This is a point I tried to make over and over again in Liberal Fascism. Poisons are determined by the dose. A little nationalism is healthy, a lot of nationalism is dangerous. A little social solidarity is moral, too much is immoral. When a conservative tempers his social conservatism with libertarianism or when a Libertarian tempers his utopian tendencies with an appreciation of tradition, it’s not called hypocrisy, it’s called wisdom.
— Jonah Goldberg
Set the Wayback Machine to 1984 for this classic Rock mockumenary. Rob “Meathead” Reiner was the actual directory as the fictional director in this film about the back stage antics of the Heavy Metal Hair band, Spinal Tap. A cult comedy classic complete with a string of drummers that die of various means, including re-accuring spontainous combustion. My favorite was the one who choked to death on vomit, but not his own. Who produced the vomit remains shrouded in mystery.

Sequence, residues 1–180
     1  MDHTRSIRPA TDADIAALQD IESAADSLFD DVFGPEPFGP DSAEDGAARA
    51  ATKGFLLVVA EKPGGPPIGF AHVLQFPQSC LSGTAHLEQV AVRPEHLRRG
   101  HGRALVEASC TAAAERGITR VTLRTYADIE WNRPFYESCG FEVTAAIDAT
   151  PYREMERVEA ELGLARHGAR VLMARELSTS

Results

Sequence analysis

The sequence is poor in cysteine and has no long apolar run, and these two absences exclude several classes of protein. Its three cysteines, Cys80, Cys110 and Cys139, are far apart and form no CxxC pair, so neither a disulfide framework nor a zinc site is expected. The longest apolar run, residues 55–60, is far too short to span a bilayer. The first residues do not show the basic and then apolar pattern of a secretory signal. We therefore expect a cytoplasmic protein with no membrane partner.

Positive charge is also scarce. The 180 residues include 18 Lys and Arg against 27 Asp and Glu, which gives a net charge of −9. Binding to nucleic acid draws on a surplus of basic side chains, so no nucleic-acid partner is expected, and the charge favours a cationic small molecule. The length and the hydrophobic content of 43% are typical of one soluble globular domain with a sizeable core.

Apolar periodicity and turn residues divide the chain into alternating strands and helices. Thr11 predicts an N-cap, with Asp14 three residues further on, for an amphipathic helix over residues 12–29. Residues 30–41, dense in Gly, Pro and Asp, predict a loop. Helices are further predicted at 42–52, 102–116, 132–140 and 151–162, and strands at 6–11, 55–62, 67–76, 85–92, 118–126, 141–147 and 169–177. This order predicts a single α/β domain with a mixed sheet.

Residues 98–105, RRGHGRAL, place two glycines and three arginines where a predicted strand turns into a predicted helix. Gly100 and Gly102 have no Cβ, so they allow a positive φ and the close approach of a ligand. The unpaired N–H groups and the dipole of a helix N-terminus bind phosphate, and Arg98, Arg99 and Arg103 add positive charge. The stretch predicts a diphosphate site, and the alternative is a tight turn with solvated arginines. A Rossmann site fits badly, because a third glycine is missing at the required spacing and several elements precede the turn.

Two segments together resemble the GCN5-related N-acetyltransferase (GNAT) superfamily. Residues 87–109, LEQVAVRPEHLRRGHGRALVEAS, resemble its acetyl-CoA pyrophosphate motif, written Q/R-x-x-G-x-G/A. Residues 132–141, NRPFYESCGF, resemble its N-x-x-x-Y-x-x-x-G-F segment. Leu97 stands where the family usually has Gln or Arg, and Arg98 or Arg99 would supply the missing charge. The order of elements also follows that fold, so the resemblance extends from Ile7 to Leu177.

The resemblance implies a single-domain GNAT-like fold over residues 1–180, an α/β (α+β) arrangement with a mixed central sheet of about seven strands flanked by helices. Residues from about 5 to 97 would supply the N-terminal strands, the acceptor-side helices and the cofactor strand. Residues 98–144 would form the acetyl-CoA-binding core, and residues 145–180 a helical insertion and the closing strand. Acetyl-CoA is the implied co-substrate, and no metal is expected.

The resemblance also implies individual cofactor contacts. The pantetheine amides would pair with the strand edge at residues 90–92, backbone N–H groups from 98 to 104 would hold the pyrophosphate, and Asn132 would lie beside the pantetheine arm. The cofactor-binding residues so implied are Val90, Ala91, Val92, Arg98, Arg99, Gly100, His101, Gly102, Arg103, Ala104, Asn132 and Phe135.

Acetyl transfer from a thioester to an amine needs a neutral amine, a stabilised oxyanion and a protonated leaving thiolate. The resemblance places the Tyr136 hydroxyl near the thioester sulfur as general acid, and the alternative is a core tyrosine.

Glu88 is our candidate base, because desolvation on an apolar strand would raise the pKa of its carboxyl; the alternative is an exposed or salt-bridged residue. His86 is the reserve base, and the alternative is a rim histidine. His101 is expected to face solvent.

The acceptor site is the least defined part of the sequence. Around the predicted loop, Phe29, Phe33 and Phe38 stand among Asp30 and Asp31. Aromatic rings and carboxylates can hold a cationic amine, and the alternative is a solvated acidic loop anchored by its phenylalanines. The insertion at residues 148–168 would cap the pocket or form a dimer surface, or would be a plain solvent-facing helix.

Here we see our Dear Leader visiting the key swing state of Ohio, and not being able to correctly spell ‘Ohio.’
Before the moonbats go nuts with their conspiracy theories, zoom in on the photo and you can see the lettering on the red shirt behind him.
Not reversed, not Photoshopped, just Barack Hussein Obama being himself, unscripted and flying without a teleprompter.
“I’m not going to vote for Gov. Romney because he has the same views on same sex marriage that Barack Hussein Obama did when I voted for him.
“So called “compassionate” liberals who are more concerned about Gov. Romney’s tax returns than the 300 dead Mexicans killed by Obama’s Fast and Furious program are neither compassionate or liberal in the classical sense.”
Eyes of the Hammer (The Green Beret Series) by Bob Mayer
Fast paced military fiction set the 1980s with that late 80s Golden Age of Tom Clancy Techno Thrillers feel. In this case it’s Columbian drug lords being targeted by Green Berets and the rest of the Special Operations Command. The Drug Lords have their moments, but they don’t fair well against in the long run against the U.S. Military. A good read with Good Guys and Bad Guys, and most of the Bad Guys get what is coming to them. There are the standard themes running through that you can pick up in other Military Fiction, typically written by former enlisted or NCOs, including the concept that the only good officers are mavericks.